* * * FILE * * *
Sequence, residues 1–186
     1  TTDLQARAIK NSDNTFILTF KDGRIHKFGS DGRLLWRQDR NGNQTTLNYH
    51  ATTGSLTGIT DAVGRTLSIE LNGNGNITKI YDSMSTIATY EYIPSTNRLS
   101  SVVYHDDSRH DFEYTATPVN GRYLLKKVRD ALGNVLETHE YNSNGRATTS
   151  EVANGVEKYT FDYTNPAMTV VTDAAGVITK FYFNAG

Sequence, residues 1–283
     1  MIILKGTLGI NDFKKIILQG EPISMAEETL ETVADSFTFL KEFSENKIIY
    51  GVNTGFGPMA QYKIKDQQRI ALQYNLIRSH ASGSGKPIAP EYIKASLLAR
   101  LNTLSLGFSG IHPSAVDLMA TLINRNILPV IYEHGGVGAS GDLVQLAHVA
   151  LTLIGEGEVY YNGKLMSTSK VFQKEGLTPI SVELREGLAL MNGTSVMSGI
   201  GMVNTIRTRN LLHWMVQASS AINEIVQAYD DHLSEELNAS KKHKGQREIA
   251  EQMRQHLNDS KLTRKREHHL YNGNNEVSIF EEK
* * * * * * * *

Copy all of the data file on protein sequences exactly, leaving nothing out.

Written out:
Sequence, residues 1–186
     1  TTDLQARAIK NSDNTFILTF KDGRIHKFGS DGRLLWRQDR NGNQTTLNYH
    51  ATTGSLTGIT DAVGRTLSIE LNGNGNITKI YDSMSTIATY EYIPSTNRLS
   101  SVVYHDDSRH DFEYTATPVN GRYLLKKVRD ALGNVLETHE YNSNGRATTS
   151  EVANGVEKYT FDYTNPAMTV VTDAAGVITK FYFNAG

Sequence, residues 1–283
     1  MIILKGTLGI NDFKKIILQG EPISMAEETL ETVADSFTFL KEFSENKIIY
    51  GVNTGFGPMA QYKIKDQQRI ALQYNLIRSH ASGSGKPIAP EYIKASLLAR
   101  LNTLSLGFSG IHPSAVDLMA TLINRNILPV IYEHGGVGAS GDLVQLAHVA
   151  LTLIGEGEVY YNGKLMSTSK VFQKEGLTPI SVELREGLAL MNGTSVMSGI
   201  GMVNTIRTRN LLHWMVQASS AINEIVQAYD DHLSEELNAS KKHKGQREIA
   251  EQMRQHLNDS KLTRKREHHL YNGNNEVSIF EEK